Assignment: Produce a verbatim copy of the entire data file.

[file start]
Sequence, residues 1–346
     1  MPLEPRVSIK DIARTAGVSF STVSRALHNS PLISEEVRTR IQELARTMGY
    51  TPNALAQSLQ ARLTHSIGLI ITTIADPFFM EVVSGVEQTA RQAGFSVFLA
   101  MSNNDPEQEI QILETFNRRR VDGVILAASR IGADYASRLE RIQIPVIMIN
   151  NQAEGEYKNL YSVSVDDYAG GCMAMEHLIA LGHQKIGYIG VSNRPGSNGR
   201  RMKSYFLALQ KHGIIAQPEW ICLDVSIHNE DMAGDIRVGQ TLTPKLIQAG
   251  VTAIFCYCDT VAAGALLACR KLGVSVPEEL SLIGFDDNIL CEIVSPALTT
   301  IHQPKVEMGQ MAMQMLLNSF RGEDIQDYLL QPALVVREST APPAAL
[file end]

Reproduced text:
Sequence, residues 1–346
     1  MPLEPRVSIK DIARTAGVSF STVSRALHNS PLISEEVRTR IQELARTMGY
    51  TPNALAQSLQ ARLTHSIGLI ITTIADPFFM EVVSGVEQTA RQAGFSVFLA
   101  MSNNDPEQEI QILETFNRRR VDGVILAASR IGADYASRLE RIQIPVIMIN
   151  NQAEGEYKNL YSVSVDDYAG GCMAMEHLIA LGHQKIGYIG VSNRPGSNGR
   201  RMKSYFLALQ KHGIIAQPEW ICLDVSIHNE DMAGDIRVGQ TLTPKLIQAG
   251  VTAIFCYCDT VAAGALLACR KLGVSVPEEL SLIGFDDNIL CEIVSPALTT
   301  IHQPKVEMGQ MAMQMLLNSF RGEDIQDYLL QPALVVREST APPAAL